Fashion: An Apologist's View

>> Thursday, April 1, 2010

I came across this article this morning in The Guardian - it's quite old, I know, but I don't think that diminishes its relevance any. In it, the writer Tanya Gold talks about how much she hates fashion - how she hates walking past shop windows displaying 6-inch heels, how she laughs at the "imbecility" of clothes on the runway, a luxury afforded to her, she says, ever since she put on some weight and decided that "even fashion wouldn't pretend it could fix me." She wonders why women can't renounce fashion and just "squeeze... (themselves) into a library and have an inner life instead", as if a love for fashion and for books can only exist mutually exclusive of each other.

Everyone has a right to their opinion, of course. And it seems to fit perfectly into the natural order of things that the more frivolous, the more seemingly vapid fashion gets, the larger and stronger grows the backlash against it. Certainly, there's much to berate about the industry - the list is long, from the use of underage, anorexic models to fashion houses' ironclad rules about lending clothes for editorial spreads, effectively killing all creativity, to the increasing number of products out there that simply do not justify their price tags (see post below).

The reason I find myself unable to stay away, however, lies in people like Alexander McQueen, Giambattista Valli, Azzedine Alaia, Nicolas Ghesquière. Looking at the things they create often moves me and sometimes brings a lump to my throat; the experience is not dissimilar to finding pleasure in music, or classic art worthy of the adulation it receives, or dance or literature or the joy of effortless eloquence.

The jury's still out on whether fashion crosses over into art, and I'm not entirely sure what my take is on the matter either - but I still find it is imperative to recognise the great creativity and often, the vision that many in the fashion world possess. We all want to be heard, especially when so many of us are so stifled and our voices silenced so much; the desire to create is most natural, most human and whether creativity finds its outlet in art, music, words, or just clothes, it deserves its place in the world just like any other.

I think it's unfortunate that Ms. Gold chose to filter fashion in the way that she did and take it as personally as she has. Fashion is, of course, an industry like any other - and one could say art is more about creativity for its own sake and hence entirely different from fashion, but surely a closer look into the art world would change anybody's mind - and the clothes mean nothing if there is no one to buy them, but that doesn't mean that there is no beauty to the madness, that all fashion is derogatory to women, that its sole purpose is to make us feel worse about ourselves, or that to buy into the dream of enchanting clothes is to declare yourself an exercise in frivolity to the world. I have a problem with extremes, especially when it comes to those in opinions and I don't believe that the right answer to anything lies in one or either polar opposite.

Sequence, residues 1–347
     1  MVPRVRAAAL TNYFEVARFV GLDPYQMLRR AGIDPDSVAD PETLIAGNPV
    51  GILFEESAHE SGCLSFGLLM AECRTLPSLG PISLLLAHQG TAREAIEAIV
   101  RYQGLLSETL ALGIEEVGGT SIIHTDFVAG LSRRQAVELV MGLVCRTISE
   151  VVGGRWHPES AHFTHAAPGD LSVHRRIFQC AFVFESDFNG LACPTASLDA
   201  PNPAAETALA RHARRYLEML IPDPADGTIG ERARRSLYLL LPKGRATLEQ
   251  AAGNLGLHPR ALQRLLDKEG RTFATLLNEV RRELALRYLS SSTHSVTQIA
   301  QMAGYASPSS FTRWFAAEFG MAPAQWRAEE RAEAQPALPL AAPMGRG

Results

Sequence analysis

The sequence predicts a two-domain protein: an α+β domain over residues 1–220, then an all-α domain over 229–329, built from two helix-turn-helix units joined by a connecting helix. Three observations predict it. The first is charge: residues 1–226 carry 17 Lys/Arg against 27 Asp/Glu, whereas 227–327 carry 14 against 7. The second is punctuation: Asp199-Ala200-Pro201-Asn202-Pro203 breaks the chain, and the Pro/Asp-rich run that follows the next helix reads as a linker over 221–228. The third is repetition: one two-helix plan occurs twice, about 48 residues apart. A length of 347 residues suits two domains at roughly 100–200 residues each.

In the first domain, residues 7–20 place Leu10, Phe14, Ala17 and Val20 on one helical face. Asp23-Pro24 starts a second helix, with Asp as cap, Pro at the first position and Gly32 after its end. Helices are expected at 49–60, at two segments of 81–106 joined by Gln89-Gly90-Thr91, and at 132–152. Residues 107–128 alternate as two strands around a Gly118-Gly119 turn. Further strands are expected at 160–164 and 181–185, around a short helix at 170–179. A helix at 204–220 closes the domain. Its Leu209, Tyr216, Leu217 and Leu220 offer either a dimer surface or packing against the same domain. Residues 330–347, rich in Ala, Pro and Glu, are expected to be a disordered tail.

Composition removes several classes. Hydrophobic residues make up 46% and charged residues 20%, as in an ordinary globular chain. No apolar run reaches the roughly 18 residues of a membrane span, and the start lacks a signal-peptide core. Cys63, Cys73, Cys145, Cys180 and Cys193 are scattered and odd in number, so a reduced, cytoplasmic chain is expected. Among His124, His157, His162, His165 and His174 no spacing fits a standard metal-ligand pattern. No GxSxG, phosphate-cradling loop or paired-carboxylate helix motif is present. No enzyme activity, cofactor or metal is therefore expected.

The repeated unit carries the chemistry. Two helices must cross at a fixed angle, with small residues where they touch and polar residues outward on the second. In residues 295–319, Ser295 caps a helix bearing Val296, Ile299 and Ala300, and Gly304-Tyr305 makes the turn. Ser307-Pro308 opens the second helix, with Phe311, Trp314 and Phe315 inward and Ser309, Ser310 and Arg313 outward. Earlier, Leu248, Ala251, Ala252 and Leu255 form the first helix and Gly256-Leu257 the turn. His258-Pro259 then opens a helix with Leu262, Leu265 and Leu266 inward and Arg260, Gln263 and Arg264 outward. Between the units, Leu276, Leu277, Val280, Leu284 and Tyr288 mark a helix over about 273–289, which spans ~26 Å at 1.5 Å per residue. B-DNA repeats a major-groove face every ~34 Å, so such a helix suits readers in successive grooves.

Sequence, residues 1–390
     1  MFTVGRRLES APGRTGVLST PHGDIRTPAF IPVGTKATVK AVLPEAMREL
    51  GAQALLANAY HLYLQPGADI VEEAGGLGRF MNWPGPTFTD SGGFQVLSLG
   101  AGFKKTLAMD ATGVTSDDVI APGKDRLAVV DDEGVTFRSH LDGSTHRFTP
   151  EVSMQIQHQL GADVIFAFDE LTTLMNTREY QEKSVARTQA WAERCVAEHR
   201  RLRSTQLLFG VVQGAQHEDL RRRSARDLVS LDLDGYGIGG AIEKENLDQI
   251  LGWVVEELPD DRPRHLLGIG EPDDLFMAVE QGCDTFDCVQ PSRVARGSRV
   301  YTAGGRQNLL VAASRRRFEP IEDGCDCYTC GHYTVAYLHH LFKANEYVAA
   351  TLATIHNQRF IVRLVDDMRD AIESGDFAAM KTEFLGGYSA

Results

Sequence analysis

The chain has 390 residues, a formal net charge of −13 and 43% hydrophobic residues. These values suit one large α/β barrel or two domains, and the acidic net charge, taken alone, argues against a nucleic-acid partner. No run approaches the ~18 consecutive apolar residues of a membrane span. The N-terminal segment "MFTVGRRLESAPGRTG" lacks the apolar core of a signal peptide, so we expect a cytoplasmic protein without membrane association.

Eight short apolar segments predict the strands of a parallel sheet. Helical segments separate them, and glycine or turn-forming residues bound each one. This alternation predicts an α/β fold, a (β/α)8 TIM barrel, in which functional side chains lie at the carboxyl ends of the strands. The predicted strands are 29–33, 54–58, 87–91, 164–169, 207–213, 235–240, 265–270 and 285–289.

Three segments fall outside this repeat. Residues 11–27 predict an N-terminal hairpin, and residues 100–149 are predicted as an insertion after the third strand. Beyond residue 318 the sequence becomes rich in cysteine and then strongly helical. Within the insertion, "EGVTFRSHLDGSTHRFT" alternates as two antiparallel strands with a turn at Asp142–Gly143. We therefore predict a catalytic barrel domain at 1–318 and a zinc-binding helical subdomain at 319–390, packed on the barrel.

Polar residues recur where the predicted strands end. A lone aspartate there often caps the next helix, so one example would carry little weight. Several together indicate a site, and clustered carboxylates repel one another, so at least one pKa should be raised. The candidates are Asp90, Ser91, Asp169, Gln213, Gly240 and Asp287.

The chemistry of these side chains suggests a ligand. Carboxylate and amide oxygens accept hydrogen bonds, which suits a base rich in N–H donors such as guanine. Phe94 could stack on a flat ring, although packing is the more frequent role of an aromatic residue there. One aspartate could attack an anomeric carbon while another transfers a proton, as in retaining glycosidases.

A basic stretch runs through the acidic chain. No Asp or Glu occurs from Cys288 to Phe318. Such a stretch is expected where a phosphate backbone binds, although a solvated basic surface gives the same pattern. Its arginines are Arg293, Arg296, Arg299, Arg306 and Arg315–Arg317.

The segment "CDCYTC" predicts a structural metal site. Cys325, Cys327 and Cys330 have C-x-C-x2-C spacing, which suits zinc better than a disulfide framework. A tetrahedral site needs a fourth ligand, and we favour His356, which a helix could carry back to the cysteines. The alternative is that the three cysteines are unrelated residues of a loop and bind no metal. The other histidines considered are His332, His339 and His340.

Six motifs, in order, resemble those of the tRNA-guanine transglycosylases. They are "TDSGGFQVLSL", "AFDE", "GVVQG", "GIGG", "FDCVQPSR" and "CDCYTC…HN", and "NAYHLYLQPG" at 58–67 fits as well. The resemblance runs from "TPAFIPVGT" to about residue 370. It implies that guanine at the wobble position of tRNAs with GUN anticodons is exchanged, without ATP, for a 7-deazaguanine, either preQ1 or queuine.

And that is, as they say, is my two cents.

p.s. That bit about wandering about Harvey Nichols like "an insect with a broken antennae" observing how "miserable all the shoppers look," and how shopping always involves "a kind of brief, bright burst of self-acceptance, which always evaporates" when one reaches home? Utter drivel. Tanya Gold has obviously confused a distaste for shopping with her right to a diatribe on fashion. I'm not sure what she meant about the miserable shoppers, because I certainly feel nothing but ecstatic when I'm in a store. And contrary to Gold's opinion on the matter, I think the best part of the entire experience is going home, unwrapping your new purchases, and hanging them up in your wardrobe.

In fact, the only thing better than that particular experience is wearing it all for the first time.


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About this Blog

I've loved fashion for as long as I can remember, so it only makes sense that I write for a fashion magazine. I find however that the experience of working in the industry is quite different from appreciating it from afar. That's why I chose to be a travel writer (I chronicle some of my travel experiences here) while staying at the magazine, albeit focusing more on the lifestyle aspects of the job. This means that I must find another outlet for all my sartorial web crawling - et voila! Monyet in Pearls was born.

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